Monday, December 11, 2006

The mechanism for transmission and acquisition of symbiotic bacteria in the bean bug Riptortus clavatus (Heteroptera: Alydidae)

Yoshitomo Kikuchi, yoshitomo.kikuchi@uconn.edu1, Takahiro Hosokawa2, and Takema Fukatsu2. (1) University of Connecticut, Molecular and Cell Biology, 91 N Eagleville, Storrs, CT, (2) Advanced Industrial Science and Technology (AIST), Biological Resouces and Functions, 1-1-1 Higashi, Tsukuba, Ibaraki, Japan

Almost all phytophagous stinkbugs (Heteroptera) possess symbiotic bacteria in their midgut ceca. Here we report the mechanism for transmission and acquisition of the symbiont in the Japanese bean bug Riptortus clavatus (Alydidae). The results of diagnostic PCR and rearing experiments rejected the possibility of vertical transmission. In contrast, almost all nymphs reared on soil-grown soybean plants acquired the symbiont, and only nymphs placed in the sterile bottles inoculated with the cultured symbiont acquired the symbiont. Body size and dry weight of the infected adults was significantly larger than that of the uninfected ones. From these results, we conclude that the bean bug acquires the benevolent symbiont not through vertical transmission but from the surrounding environment.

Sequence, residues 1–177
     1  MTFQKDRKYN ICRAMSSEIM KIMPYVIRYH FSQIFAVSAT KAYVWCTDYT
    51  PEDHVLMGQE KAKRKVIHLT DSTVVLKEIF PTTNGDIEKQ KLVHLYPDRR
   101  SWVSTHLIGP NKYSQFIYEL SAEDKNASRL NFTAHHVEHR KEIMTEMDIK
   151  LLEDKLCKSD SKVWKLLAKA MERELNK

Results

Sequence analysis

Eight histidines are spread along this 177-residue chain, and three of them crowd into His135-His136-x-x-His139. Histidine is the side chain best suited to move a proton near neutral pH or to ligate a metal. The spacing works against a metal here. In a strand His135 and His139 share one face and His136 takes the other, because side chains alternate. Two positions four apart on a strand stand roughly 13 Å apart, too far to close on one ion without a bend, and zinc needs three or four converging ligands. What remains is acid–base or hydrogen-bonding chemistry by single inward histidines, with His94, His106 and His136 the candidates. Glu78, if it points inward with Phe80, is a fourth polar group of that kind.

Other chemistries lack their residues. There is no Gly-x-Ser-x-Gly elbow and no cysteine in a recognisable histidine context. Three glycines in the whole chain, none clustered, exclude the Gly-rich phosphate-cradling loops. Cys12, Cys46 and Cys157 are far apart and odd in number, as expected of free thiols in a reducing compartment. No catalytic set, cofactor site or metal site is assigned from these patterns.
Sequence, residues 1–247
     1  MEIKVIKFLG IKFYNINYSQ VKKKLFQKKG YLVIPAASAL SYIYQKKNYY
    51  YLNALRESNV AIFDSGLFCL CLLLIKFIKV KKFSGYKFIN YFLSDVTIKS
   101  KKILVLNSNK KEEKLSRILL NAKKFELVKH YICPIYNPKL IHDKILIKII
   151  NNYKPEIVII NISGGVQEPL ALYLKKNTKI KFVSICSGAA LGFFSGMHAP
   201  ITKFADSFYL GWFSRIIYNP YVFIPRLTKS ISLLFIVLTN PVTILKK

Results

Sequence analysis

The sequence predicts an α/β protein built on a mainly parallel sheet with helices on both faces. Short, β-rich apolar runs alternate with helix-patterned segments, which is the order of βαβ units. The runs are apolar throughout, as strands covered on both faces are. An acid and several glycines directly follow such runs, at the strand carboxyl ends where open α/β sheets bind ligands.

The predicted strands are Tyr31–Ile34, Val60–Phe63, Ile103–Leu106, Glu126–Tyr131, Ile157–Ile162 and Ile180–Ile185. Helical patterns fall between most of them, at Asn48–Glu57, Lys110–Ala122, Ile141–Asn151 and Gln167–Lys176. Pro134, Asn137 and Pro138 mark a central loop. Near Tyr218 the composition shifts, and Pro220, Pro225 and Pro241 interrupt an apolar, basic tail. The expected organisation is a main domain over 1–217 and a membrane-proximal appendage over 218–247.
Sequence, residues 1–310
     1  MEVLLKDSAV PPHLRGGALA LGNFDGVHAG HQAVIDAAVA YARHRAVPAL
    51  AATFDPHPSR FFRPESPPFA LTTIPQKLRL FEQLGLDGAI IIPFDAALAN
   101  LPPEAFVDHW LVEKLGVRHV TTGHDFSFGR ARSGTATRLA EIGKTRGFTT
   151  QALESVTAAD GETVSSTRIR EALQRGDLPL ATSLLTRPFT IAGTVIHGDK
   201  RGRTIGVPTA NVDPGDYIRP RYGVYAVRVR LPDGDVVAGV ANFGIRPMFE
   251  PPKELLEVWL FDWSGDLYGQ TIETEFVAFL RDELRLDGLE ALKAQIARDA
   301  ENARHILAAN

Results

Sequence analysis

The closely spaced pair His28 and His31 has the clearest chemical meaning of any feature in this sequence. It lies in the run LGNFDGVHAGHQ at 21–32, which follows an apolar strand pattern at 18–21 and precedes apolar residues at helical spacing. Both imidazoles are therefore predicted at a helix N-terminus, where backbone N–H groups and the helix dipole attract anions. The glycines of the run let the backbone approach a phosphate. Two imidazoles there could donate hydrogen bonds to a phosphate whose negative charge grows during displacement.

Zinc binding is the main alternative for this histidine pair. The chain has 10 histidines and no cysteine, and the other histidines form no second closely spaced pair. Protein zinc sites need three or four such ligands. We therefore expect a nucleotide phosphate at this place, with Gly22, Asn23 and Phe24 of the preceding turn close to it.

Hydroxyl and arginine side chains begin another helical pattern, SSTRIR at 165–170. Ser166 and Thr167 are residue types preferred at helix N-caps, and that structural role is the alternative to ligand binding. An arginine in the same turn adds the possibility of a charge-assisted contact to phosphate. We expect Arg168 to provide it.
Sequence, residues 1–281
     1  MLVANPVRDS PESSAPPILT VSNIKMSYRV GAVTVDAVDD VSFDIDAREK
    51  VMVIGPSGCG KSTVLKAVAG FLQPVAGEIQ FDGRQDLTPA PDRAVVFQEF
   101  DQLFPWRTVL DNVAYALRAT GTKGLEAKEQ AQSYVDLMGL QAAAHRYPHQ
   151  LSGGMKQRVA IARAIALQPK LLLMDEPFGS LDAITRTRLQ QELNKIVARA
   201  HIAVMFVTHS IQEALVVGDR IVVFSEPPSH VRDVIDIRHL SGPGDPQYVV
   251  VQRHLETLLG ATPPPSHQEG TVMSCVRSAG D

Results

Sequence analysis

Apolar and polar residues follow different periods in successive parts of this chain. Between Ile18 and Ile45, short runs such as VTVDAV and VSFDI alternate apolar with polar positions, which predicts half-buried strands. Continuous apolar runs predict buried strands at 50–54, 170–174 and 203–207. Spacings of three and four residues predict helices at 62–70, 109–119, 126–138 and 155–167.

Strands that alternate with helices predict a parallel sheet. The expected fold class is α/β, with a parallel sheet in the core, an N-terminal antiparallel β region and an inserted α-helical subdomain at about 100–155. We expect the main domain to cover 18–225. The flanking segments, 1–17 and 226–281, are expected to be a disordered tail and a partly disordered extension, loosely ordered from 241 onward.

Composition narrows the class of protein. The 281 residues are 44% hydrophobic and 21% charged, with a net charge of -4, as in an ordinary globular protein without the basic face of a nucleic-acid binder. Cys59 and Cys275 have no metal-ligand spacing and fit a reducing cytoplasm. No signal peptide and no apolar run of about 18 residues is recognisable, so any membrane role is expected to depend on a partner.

Species 1: Hemiptera Alydidae Riptortus clavatus (broad-headed bug, bean bug)
Species 2: Hemiptera Alydidae Leptocorisa chinensis (broad-headed bug, rice bug)